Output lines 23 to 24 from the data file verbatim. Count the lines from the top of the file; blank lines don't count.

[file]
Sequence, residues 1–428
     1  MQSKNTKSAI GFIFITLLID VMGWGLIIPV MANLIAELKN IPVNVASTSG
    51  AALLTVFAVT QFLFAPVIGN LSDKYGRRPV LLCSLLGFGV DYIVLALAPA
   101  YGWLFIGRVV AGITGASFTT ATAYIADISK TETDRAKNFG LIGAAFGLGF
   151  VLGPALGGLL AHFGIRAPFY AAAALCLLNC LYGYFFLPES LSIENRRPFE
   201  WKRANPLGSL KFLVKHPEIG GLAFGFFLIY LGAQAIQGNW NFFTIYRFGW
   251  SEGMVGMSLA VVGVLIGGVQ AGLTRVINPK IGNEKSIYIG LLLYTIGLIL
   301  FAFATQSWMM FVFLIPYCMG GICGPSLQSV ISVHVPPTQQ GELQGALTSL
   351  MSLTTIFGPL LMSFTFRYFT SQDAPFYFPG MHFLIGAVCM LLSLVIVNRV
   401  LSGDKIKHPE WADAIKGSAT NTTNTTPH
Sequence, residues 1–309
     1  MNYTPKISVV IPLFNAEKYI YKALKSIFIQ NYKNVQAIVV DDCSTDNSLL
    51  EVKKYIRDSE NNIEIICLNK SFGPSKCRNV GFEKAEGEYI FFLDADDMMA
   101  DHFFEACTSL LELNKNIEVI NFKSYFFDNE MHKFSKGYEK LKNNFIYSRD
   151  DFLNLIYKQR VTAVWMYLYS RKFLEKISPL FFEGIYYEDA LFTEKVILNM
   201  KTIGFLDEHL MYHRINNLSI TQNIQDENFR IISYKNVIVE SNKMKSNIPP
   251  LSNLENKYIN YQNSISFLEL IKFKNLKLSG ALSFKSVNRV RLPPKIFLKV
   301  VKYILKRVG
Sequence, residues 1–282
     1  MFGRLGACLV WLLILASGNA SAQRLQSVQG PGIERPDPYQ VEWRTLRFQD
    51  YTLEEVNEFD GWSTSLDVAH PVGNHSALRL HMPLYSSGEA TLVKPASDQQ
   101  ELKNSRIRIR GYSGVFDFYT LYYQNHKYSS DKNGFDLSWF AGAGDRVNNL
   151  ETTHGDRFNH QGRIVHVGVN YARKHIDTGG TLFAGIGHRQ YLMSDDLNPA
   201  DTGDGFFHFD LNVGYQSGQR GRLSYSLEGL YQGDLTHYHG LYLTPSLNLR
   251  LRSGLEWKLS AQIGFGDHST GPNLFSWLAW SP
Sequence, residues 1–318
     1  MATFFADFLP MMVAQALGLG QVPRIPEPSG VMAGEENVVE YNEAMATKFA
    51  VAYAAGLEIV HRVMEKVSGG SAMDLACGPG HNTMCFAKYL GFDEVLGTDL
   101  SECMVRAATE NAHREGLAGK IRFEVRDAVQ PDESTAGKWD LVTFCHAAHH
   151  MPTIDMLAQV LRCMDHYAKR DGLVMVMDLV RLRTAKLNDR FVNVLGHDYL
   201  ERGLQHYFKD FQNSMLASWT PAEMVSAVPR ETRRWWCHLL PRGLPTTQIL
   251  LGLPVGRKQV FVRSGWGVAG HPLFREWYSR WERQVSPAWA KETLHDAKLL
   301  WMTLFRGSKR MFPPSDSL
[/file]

   151  ETTHGDRFNH QGRIVHVGVN YARKHIDTGG TLFAGIGHRQ YLMSDDLNPA
   201  DTGDGFFHFD LNVGYQSGQR GRLSYSLEGL YQGDLTHYHG LYLTPSLNLR